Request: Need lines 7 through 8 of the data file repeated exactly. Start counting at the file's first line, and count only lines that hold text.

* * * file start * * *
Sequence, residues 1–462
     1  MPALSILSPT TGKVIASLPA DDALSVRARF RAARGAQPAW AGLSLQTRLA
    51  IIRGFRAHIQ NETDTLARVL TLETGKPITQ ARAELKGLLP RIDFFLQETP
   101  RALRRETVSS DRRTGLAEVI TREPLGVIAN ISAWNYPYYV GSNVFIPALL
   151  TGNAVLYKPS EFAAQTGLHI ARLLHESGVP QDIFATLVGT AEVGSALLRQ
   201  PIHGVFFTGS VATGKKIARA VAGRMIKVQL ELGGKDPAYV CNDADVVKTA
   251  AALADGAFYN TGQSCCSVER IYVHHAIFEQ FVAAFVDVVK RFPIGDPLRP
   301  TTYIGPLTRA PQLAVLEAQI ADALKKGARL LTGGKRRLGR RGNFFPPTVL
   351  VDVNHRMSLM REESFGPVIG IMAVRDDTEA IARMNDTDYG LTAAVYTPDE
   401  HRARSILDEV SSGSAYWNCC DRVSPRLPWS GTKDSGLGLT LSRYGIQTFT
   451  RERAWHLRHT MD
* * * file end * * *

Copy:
   251  AALADGAFYN TGQSCCSVER IYVHHAIFEQ FVAAFVDVVK RFPIGDPLRP
   301  TTYIGPLTRA PQLAVLEAQI ADALKKGARL LTGGKRRLGR RGNFFPPTVL